Magazine article Security Management

The 10 Steps of Crisis Management

Magazine article Security Management

The 10 Steps of Crisis Management

Article excerpt

A security guard commits a crime while on duty.

An alarm system fails, resulting in properly loss.

Employees go on strike, accusing you of unfair labor practices.

Your company is acquiring another firm. Almost all employees will be retained, and everyone will profit. FOR COMMUNICATIONS PURPOSES, these situations-all real-life examples from the security industry-are crises. The negative impact of the first three is fairly obvious, but even in the last, good-news situation, the following crisis management reactions are warranted:

* ensuring simultaneous, accurate communication of the completed deal to employees of both firms involved, assuring them of their future job status

* assuring all clients of both firms that their service will not be disrupted

* ensuring that the media reports the news as a positive development

* countering competitors' attempts to steal business by claiming that this particular merger stretches the firm's resources too far

The bottom line is that there is no such thing as a business without crises. Perception is as damaging as reality. If any of your internal or external audiences think-or might think-you have

a problem, then your communications program needs to address their concerns.

You have two choices: prepare for crisis or just react to crisis. The longer it takes to react effectively, the greater the potential for damage. This is increasingly true in our world of instant communication, a world where bad news is a favorite of sensation-hungry American media audiences.

"We had our crisis planned to the gills, " says Tom Wathen, chairman and chief executive officer of then-CPP Security. His company's acquisition of Pinkerton's Inc. created one of the world's largest suppliers of security services.

How many of you have sold your services with the "prevention is far less costly than crime" pitch? Well, proactive preparation for crises will cost you less than postevent reaction. Yet the vast majority of American businesses do not include crisis preparation in their business or marketing plans. This article is intended to facilitate that preparation, as most of these management steps can be done well in advance of any crisis.

While any individual crisis mandates some customized responses, preparation can be divided into 10 basic steps.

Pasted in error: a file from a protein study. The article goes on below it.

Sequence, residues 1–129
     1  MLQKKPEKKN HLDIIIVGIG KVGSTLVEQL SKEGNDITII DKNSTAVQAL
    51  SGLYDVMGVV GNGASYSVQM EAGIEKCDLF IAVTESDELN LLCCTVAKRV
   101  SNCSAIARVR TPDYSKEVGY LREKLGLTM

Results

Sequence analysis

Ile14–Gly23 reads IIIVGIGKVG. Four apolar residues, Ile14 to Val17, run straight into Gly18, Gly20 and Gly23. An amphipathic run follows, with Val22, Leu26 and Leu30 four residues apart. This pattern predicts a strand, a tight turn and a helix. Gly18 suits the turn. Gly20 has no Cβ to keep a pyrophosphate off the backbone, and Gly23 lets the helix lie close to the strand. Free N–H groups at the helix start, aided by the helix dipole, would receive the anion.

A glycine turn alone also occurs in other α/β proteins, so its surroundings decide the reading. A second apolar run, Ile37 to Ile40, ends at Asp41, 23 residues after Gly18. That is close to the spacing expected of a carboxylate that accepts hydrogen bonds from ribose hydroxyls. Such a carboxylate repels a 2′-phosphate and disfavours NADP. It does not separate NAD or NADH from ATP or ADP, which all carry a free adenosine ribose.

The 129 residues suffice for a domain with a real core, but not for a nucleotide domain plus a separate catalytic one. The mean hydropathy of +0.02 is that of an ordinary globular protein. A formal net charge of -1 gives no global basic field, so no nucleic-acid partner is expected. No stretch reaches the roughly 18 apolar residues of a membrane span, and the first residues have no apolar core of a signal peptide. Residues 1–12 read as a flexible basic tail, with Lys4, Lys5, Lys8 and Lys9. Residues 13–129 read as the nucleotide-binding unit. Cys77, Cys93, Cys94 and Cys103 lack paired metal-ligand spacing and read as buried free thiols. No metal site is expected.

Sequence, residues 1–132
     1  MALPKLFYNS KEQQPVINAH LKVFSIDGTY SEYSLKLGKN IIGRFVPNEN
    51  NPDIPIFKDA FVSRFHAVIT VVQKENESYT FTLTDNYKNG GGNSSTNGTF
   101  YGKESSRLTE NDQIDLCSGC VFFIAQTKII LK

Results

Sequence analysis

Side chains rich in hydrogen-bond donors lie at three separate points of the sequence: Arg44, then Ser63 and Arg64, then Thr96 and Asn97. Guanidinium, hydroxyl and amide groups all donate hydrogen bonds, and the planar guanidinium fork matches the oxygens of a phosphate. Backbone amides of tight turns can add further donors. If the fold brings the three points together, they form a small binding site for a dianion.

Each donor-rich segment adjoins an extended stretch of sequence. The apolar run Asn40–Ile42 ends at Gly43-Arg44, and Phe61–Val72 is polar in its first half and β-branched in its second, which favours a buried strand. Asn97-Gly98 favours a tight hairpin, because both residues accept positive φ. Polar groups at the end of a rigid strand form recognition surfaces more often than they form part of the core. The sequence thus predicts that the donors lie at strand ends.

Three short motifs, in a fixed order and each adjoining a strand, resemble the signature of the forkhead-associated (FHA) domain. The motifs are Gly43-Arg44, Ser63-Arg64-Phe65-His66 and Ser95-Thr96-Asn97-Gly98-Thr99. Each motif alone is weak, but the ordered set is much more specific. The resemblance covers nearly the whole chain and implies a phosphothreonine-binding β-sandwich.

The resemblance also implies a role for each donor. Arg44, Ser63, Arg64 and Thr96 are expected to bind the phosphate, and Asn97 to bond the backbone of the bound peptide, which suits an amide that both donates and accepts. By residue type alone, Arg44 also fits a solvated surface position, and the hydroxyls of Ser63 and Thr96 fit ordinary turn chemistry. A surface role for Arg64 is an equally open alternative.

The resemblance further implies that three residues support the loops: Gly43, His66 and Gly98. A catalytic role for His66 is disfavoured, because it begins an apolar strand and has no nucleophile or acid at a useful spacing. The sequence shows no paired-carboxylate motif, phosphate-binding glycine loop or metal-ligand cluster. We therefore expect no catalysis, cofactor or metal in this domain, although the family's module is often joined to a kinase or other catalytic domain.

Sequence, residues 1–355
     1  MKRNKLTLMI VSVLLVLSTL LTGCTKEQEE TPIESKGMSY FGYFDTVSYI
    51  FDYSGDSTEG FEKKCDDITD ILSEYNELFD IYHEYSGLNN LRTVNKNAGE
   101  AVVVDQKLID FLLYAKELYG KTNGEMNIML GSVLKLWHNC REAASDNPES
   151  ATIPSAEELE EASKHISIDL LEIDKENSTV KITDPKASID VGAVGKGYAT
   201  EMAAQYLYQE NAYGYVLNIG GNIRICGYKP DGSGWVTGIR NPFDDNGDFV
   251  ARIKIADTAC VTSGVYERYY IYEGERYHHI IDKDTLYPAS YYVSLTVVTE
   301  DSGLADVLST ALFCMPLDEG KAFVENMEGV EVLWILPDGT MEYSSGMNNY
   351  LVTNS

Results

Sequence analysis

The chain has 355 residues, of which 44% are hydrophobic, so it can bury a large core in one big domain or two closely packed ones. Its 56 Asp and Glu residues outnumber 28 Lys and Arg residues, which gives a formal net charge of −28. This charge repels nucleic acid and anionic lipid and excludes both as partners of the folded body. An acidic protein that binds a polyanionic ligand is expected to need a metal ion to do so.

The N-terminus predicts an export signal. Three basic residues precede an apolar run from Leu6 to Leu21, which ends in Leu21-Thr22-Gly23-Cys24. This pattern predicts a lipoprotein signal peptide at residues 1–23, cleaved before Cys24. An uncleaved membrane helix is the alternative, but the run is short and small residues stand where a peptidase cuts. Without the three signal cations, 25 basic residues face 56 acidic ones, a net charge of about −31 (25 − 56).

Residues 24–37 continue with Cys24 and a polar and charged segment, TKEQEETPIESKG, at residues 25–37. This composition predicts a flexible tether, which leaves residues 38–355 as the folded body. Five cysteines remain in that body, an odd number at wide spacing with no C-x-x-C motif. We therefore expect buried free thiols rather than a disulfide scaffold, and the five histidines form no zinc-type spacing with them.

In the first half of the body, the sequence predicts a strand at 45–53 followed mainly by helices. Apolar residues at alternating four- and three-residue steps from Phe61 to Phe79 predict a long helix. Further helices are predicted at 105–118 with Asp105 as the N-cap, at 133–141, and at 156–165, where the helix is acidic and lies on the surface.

1. Identify your crsis management team. A small team of senior executives should be identified as your company's crisis management team. Typically, the team is led by the company CEO, with the firm's top marketing or public relations executive as his or her chief adviser. Other team members should be the heads of major company divisions, including legal, financial, personnel, and operations departments. The same principle applies in a small firm, but some individuals may wear several hats. If your in-house resources are not sufficient to handle the work a crisis may generate, you should identify outside consultants such as law firms, accounting firms, or public relations agencies that can supply senior executives for your crisis management team on short notice.

"The team leader doesn't just lead meetings," stressed Wathen. "He or she is also responsible for monitoring how the plan is executed to ensure details are carried out and to adapt to changing situations as necessary."

2. Identify spokespersons. Within each team, individuals should be authorized as the only ones to speak for the company in times of crisis. The CEO should be one spokesperson, but not necessarily the primary one. The fact is that some chief executives are brilliant business people but not very effective in-person communicators. That doesn't matter in written communication and may not matter for some audiences. Often, however, image communicates as strongly or more strongly than facts, as politicians know well. Hence, communication skills are one of the primary criteria in choosing a spokesperson. …

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